Back in the late sixties, contacts were not nearly as comfortable as the soft lenses that you all have today. They were smaller, hard, rather than flexible, and could be worn only 8-10 hours per day. If I was planning a late-night activity, I would usually remove them for a while during the day. Very annoying!

I clearly recall the day I got them because I was so excited at the prospect of finally shedding my glasses. The idea of putting a hard, foreign object in my eye scared me, and after several unsuccessful attempts, I was able to insert the first lens. Suddenly, the world around me began to fade. My skin felt clammy, the voices around me sounded far away and hollow, and I felt dizzy. The next thing I know my head was between my knees as the nurse tried to prevent me from fainting.

Eventually I left the doctor’s office able to see without my spectacles. I had to slowly build up a tolerance for the lenses, increasing them by an hour each day until I reached the maximum number of hours of comfort for me.

The vision with the hard lenses was exceptional, but occasionally, they would pop out, and I would end up on my hands and knees trying to locate my missing “eye.” As you may recall, I was not a fan of gym class, so on occasion, I would fake a popped contact so I could return to the locker room and reinsert it. Of course, that would take a very, very long time—so long that I would miss the rest of my class. Oh well!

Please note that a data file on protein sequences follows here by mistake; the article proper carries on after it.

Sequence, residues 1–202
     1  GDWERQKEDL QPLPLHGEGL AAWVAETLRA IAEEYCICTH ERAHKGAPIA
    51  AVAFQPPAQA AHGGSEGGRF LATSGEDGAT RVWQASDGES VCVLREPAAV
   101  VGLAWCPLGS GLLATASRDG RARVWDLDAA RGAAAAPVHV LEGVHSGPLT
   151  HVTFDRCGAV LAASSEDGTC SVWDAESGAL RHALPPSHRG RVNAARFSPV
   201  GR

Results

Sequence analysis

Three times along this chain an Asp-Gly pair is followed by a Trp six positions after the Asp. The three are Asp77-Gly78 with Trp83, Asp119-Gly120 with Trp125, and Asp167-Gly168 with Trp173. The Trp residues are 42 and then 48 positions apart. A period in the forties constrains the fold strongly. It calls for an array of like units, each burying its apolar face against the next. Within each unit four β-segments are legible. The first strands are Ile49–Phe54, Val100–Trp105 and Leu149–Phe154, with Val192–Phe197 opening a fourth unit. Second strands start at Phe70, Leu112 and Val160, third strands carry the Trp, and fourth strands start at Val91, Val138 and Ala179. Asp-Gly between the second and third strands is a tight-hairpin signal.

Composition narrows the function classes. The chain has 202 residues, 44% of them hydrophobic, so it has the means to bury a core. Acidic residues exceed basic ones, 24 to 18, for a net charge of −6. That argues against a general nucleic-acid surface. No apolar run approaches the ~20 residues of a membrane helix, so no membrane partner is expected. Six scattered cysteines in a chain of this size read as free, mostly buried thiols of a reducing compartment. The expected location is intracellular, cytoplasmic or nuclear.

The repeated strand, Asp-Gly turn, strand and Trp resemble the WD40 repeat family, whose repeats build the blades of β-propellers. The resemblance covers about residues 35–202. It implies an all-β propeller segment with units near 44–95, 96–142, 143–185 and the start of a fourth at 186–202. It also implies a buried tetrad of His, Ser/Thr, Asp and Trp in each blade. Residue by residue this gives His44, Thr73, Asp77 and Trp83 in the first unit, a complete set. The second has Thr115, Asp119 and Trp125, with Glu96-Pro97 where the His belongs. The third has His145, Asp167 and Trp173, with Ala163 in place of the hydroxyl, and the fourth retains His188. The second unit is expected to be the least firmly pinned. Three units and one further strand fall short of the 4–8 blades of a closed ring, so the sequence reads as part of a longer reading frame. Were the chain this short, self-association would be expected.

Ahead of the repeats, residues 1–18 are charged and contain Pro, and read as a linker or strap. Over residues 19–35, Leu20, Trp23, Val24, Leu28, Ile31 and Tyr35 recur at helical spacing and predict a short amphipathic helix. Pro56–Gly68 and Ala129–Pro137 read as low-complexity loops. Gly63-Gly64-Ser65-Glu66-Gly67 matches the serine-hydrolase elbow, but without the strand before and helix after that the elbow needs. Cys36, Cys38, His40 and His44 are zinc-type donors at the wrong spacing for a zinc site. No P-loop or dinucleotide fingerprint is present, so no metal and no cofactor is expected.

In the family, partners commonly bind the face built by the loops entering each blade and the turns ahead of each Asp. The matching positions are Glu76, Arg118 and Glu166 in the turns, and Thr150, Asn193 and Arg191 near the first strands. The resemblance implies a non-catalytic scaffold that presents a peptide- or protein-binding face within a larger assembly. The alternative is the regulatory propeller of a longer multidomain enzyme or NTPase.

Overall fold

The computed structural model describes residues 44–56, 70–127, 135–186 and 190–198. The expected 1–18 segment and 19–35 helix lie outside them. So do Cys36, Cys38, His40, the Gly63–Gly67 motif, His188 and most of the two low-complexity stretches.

Many years later, I was grown up, married, and off in Hawaii with Dad. This one particular day I left my contacts in too long, and the next day, I awoke in excruciating pain and could not even open my eyes.

We were staying on the island of Oahu, and on that day, we were leaving for Maui. Dad had to lead me to the plane, and I was allowed to board ahead of the other passengers. I remember having to keep my eyes closed for the next twenty-four hours or so, which resulted in me missing the very scenic plane ride to our next stop. I sat out on a lounge chair at the condo we had rented while Dad acted as my servant.

When we returned home, I decided that despite the fact that my eye doctor informed me that my vision would not be as crisp with soft lenses, I felt that my Hawaiian experience was enough to convince me to switch.

I have been a loyal wearer of soft contacts ever since. Maybe I should return to Hawaii to recapture that missing time.